This helpful video shows how to carry out the modification on a Helios lens, but the procedure should be fairly similar for yours:


Last edited by BigMackCam; 01-01-2018 at 01:49 PM.
01-01-2018, 11:44 PM - 2 Likes   #11
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Hi, BigMackCam,

Perfect solution. Thanks very much for the quick response and great solution!

Best regards,

Don

---------- Post added 01-02-18 at 02:33 AM ----------

Hi, BigMackCam,

Update on fix. The Meyer Gorlitz has a much more complex rear than the Helios lens demonstrated in the video. Since I don't intend ever to use my lens on other than a common M42 + adapter for whatever current mount I am working with, ie, Pentax, Sigma, Sony, none of which could actuate the aperture as the lens is designed, I took the quick and dirty way out and placed a small amount of super glue on the pin, and voila fixed. A little test shows the lens to be super sharp at 5.8. Haven't checked the other stops yet, but M G seems excellent having used several.

Best regards,

Don
01-02-2018, 01:37 AM   #12
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QuoteOriginally posted by rad291 Quote
Perfect solution. Thanks very much for the quick response and great solution!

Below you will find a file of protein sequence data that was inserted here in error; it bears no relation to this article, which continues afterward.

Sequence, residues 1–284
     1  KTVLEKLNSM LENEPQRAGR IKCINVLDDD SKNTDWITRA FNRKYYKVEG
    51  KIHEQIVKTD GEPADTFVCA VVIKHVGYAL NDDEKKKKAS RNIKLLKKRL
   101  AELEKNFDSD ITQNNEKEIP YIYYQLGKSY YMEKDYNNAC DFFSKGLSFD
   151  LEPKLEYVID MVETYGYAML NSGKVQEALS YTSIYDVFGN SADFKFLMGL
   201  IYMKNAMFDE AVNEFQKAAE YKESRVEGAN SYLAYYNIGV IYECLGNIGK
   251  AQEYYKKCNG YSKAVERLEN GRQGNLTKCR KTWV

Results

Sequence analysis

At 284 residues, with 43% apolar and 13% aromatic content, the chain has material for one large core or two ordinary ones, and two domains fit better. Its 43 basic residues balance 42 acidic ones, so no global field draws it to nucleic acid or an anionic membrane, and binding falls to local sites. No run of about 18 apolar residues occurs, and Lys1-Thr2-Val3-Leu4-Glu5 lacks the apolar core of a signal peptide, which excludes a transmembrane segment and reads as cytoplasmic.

...
Update on fix. The Meyer Gorlitz has a much more complex rear than the Helios lens demonstrated in the video. Since I don't intend ever to use my lens on other than a common M42 + adapter for whatever current mount I am working with, ie, Pentax, Sigma, Sony, none of which could actuate the aperture as the lens is designed, I took the quick and dirty way out and placed a small amount of super glue on the pin, and voila fixed. A little test shows the lens to be super sharp at 5.8. Haven't checked the other stops yet, but M G seems excellent having used several.
You're most welcome, and great news on the modification. Enjoy
01-02-2018, 06:50 AM   #13
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QuoteOriginally posted by BigMackCam Quote
You're most welcome, and great news on the modification. Enjoy
Thanks much 👍
01-03-2018, 02:35 AM - 1 Like   #14
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The master who converted some of my lenses to either PK or 6x7 mount once advised me to never use superglue for the "auto" pin.
It's very difficult to remove if you ever need to work on the lens again, and compromises the the value of collectibles.
Better use the kind of glue used by shoe makers. It's brownish, rubber-like after it dries, and is a breeze to remove.
Until it sets, if the spring is too strong, it's possible to keep the pin depressed with some masking tape, that can be easily removed afterwards. If there is some dirt left, it can be cleaned with a microfiber cloth and a drop of water with some dish soap.
I found a super strong black tape that can be cut to size, and does not cause reflections. It's not dissimilar from the silver cloth-based tape that is generally called "American" in Italy.
The Bic ball pen trick is the most elegant solution, but unfortunately it's not always possible/easy.

Cheers

Paolo

01-03-2018, 08:07 AM   #15
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Thanks, Paolo!

I will keep that in mind for the next repair. The point is a very good one.

Kind regards,

Don